Besides Shinde, Congress General Secretary Digvijaya Singh is well-known for his penchant for making provocative statements with the sole purpose of getting himself in limelight. His readiness to wade into tricky situations is seen as a costly addiction as it often leaves the party red faced. Instances of Singh retracting his statements and the party distancing itself from them, are innumerable indeed. Here’s just one gem. He said he didn’t rule out the involvement of Rashtriya Swayamsevak Sangh in Mumbai serial blasts, evoking sharp criticism and condemnation not only from the Bhartiya Janata Party but his own party as well.
Digvijay Singh is known for his cheeky statements which have often left the Congress party red-faced. There are instances when the Congress party was forced to distance itself from his rather costly addiction. He had once called union minister P Chidambaram as ‘intellectually arrogant’ and had to apologize for the same. His remarks a few years ago advocating Rahul Gandhi for prime ministership almost pushed Dr. Manmohan Singh to resign. Be it his criticism of Baba Ramdev, Sri Sri Sri Ravishankar or Anna Hazare, Digvijay always puts his foot where his mouth is. Once again Digvijay is in the news saying Rahul Gandhi will not disappoint as Prime Minister.
In trying to wriggle out of tricky situations with creepy statements and retorts Digvijay has got himself in trouble so often. Though Digvijay has earned a sobriquet as a buffoon there are many who believe, rightly or wrongly, that he might have been directed by the party high command to play that role.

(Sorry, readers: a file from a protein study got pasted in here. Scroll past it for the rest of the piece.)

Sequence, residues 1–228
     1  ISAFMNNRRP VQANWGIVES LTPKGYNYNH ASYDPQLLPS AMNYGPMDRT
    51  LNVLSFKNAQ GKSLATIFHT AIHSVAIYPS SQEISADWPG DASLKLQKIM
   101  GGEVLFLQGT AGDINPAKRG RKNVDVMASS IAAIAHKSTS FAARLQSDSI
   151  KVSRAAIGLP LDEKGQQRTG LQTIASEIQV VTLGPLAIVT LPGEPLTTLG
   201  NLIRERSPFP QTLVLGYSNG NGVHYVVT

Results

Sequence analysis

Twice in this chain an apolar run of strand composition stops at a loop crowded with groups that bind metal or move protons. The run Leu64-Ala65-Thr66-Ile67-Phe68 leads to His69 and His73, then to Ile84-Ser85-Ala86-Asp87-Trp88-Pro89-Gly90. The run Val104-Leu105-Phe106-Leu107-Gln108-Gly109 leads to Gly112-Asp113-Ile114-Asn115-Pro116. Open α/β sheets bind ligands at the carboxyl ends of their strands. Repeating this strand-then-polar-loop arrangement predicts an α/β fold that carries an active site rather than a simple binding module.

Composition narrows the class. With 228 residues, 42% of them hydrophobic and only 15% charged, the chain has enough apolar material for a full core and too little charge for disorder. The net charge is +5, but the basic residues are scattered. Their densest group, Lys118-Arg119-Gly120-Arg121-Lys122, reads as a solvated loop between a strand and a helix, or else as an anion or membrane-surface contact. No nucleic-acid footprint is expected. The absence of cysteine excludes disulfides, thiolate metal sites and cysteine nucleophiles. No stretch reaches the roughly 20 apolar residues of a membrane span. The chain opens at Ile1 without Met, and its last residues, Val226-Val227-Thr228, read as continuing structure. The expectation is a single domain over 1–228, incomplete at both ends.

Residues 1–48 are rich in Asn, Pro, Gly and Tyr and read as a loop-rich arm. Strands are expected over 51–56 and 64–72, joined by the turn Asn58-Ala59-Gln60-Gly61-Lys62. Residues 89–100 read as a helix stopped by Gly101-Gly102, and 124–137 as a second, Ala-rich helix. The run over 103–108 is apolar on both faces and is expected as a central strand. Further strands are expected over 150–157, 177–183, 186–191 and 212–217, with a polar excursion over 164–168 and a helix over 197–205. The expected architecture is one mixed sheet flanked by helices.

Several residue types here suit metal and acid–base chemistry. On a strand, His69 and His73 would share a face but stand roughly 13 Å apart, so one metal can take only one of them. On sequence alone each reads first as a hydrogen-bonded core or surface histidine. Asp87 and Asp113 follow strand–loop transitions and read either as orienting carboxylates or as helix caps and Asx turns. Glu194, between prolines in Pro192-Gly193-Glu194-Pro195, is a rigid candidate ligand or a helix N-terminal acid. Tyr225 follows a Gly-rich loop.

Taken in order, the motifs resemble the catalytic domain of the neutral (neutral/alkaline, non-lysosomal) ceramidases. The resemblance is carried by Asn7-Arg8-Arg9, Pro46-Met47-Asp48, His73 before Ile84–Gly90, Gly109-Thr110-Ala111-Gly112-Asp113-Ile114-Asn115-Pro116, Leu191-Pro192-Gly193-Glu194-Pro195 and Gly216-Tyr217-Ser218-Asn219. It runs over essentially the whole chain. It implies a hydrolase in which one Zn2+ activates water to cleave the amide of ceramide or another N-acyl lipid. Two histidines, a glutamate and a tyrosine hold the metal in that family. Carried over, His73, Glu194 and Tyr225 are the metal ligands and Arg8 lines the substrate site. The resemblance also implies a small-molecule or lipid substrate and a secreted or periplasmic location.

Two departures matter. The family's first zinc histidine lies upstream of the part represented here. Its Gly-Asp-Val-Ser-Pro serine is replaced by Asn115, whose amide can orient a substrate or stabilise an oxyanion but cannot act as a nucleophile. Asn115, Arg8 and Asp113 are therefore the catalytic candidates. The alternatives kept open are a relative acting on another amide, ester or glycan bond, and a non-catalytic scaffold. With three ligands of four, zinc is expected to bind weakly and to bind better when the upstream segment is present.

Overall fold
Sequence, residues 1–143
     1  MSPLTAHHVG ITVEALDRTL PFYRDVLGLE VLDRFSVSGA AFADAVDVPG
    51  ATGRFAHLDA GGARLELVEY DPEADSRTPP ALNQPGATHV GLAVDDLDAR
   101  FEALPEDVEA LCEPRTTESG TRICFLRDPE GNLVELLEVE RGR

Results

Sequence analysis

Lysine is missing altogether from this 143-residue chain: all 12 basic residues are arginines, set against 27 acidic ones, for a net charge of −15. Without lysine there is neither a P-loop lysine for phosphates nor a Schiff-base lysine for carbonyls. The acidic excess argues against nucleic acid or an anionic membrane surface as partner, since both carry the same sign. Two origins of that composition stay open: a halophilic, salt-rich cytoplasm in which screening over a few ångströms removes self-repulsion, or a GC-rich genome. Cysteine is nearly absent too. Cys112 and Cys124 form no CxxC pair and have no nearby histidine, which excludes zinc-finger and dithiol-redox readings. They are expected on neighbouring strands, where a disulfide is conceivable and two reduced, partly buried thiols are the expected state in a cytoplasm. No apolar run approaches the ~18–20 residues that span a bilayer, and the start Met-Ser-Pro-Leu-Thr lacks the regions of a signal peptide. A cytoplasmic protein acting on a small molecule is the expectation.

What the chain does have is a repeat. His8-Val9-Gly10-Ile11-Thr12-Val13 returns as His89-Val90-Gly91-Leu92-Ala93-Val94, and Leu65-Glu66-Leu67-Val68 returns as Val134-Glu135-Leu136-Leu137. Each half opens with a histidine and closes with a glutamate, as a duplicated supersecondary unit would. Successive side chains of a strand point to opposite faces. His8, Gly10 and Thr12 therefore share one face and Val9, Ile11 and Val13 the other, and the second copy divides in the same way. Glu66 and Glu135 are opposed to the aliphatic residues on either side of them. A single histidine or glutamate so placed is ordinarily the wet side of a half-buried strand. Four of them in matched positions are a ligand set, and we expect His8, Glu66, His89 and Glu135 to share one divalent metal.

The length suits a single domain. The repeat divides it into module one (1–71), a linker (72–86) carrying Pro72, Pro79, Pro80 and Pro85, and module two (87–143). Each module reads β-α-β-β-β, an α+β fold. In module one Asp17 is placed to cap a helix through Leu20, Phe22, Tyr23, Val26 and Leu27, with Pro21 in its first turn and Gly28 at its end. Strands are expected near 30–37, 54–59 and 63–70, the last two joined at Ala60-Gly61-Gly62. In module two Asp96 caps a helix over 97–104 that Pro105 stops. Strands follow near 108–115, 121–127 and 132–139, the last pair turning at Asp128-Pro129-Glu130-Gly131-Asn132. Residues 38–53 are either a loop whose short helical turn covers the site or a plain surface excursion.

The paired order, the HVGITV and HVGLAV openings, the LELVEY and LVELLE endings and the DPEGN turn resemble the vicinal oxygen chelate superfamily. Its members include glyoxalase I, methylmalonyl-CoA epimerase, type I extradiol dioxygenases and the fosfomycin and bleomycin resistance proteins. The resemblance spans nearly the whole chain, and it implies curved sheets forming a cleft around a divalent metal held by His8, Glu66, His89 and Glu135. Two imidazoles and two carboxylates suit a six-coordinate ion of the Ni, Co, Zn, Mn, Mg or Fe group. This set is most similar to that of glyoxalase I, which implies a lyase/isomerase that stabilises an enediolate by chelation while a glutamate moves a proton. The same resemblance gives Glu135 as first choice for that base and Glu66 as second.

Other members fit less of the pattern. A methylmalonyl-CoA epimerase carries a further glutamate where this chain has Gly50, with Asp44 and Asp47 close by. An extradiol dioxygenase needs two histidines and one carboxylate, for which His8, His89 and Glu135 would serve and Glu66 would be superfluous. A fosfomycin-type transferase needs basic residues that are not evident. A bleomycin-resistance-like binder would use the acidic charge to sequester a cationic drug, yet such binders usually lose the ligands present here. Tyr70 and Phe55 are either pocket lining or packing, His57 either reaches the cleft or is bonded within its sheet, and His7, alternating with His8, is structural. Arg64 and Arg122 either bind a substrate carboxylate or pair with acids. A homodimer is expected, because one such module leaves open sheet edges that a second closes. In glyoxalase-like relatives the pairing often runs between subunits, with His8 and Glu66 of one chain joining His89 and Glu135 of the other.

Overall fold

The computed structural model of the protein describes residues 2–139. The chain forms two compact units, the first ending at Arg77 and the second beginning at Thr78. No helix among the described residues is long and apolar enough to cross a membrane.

Politicians’ Occupational Disease
The propensity of politicians to put their foot in mouth is spread all over the political spectrum. Apparently, it is an occupational disease. Take the example of Dharamveer Goyat, a Haryana politician. According to him, 90 per cent of the rape cases in Haryana – Haryana has a rare variety of this crime - are consensual because the girl and boy concerned had known each other before the rape. Goyat’s ignorance of rape as defined in the Indian Penal Code is pathetic. Besides, where did he get the magic figure of 90 per cent?
For conjectures cloaked in mathematical jargon, take Rahul Gandhi. He has claimed that seven out of 10 youth in Punjab take drugs. Everyone knows that there is a drug problem in Punjab. However, one is perplexed where did Rahul get the figure of seven? Why not eight if he wanted to impress us with his Doon School-acquired ability to calculate? Is it based on some Congress-sponsored social survey or is it sheer youthful exuberance?
The real trouble is that our politicians want to be in the news. So, they must speak something that the press can pick up and quote. For that they think speaking on women is the best bet. Take Abhijit Mukherjee, the beloved son of President Pranab Mukherjee whom he far-sightedly inducted into politics to maintain the family’s connection with such a lucrative profession. The poor fellow didn’t know what to say to get reported so he ventured with describing the women protesting against a Delhi gang rape as “highly dented-painted”. And isn’t he right? They must go home to take off the lipstick and the layers of make-up before venturing on the road with placards.
Mukherjee Babu’s colleague from West Bengal, CPI-M leader Anisur Rahman went one and a half steps further and asked the Bengal Chief Minister Mamata Banerjee how much she will charge after getting raped. He was apparently ridiculing the compensation policy for the rape victims by the West Bengal Government. His statement ran like this “We have told the chief minister in the assembly that the government will pay money to compensate rape victims. If you are raped, what will be your fee?” The press wisely didn’t mention if she quoted a price.
We even saw even Narendra Modi taking potshots at Shashi Tharoor by calling his late-lamented wife a “Rs 50 crore girlfriend”. Then there was the statement by Sanjay Nirupam where he reportedly told Smriti Irani who’s acting these days as one of the spokesmen of BJP: “till some time ago you were dancing on the TV screens and now you have become a psychologist.”